Transferring schools, withdrawing to be homeschooled or just demanding retention at the child’s current school are some of the options parents can take to retain their academically competent children, with or without the blessing of their teachers.
In Ohio, a child’s retention is handled differently from district to district. In theory, if a parent can’t convince a school to retain their child, they could transfer to a neighboring district that allows parents to control the retention decision. In Kentucky, the decision to retain students is up to the school.
But at a private school, enrollment, advancement and retention is completely in the hands of the school’s administration, like Stringer.
“Our school’s mission is to help students grow -- academically, spiritually, to grow in character. And sure, physical growth comes along with that, but that’s not part of our mission,” Stringer said. “We don’t exist for students to essentially waste a year in order to work toward a goal of success in athletics while disregarding academics and social growth.”
Stringer said he’s seen a huge increase in what he calls “blatant requests for a redshirt year” during the last two school years.
Red flags for a potential redshirting student, Stringer said, include high academic performance (despite requesting retention), interest in transferring to a school that may appear “random” and desire to enroll at a new school during the spring, which he said is uncommon.
Academic, Psychological and Emotional Damage
Stringer said it's often not the student who is pushing to be held back. The parents are often pulling the strings, he said.
Research shows holding back a child who is not struggling academically can have serious negative repercussions.
Nonprofit publisher Ed Week released research last year that said retaining a child at any grade level typically yields little or no positive effects, but retention can lead to academic boredom. It can also hurt self-esteem and emotional wellbeing.
“Research has consistently found that retained students are at a higher risk of leaving school earlier, even after controlling for academic performance and other factors such as race and ethnicity, gender, socioeconomic status, family background, etc.,” the article states.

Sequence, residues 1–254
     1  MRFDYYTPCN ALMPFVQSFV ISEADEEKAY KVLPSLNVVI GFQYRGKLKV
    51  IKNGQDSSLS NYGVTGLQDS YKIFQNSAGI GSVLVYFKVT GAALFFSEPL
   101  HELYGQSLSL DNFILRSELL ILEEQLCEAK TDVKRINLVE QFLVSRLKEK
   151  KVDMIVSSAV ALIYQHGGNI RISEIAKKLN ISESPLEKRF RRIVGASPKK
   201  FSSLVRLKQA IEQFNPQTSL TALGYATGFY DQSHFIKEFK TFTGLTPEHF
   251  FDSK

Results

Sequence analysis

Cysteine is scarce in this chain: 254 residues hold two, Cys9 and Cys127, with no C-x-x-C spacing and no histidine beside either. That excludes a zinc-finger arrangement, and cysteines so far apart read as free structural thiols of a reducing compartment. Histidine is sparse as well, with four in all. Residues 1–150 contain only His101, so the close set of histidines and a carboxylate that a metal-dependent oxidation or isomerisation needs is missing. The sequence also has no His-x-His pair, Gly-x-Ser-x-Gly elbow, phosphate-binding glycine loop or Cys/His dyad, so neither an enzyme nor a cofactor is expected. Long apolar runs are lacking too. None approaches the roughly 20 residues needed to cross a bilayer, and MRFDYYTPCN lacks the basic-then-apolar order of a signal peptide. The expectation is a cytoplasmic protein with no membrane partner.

The research shows that when a decision for retention is based on athletics and size, a clear priority is given to sports over school and social development.
“What are you telling your child when you say, ‘The most important thing for you is to be bigger and stronger, even if you’re doing great in school?'’' Stringer said.
Rosfeld said the decision to retain a child should be made for the right reasons, which don’t encompass athletic success.
“Middle school is an important time in a young student’s life, especially for boys,” he said. “So if a parent thinks that another year of maturity, social adjustment and personal growth will help their child adjust to the world around them, go for it. However, every decision comes with consequences.
“Hopefully, they are considering what is best for the child’s whole person and what will help them become a good adult."
Kids Just Want to Have Fun
The National Collegiate Athletic Association reports that only five percent of high school athletes in the country go on to play a sport (any sport) in college. When you’re talking about Division I athletes, that figure goes down to one percent.
“The saying I always heard was, ‘If you’re good, they’ll find you,’” commissioner Julian Tackett said. “And that’s still true. Talent is talent.”
And for the child who has been pushed into sports for most of his or her life -- what happens if it doesn’t work out?
“For so many kids today, sports becomes a job,” Tackett said. “When you drill a sport into your child so intensely, they’ll almost certainly burn out and want to quit, maybe even before high school.
“[Parents] just living vicariously through their kids. That causes problems more than anything else.”
The commissioner said he found the results of a recent survey distributed to high school athletes and their parents to be telling -- and sad -- of the state of high school athletics today.
”Kids overwhelmingly say they play sports for fun and to be around their friends,” he said. “But the majority of parents say they want their kids to play sports to get a scholarship or go on to play professional ball. Do you see the disconnect?
"Kids just want to have fun. Why can’t parents just let them?”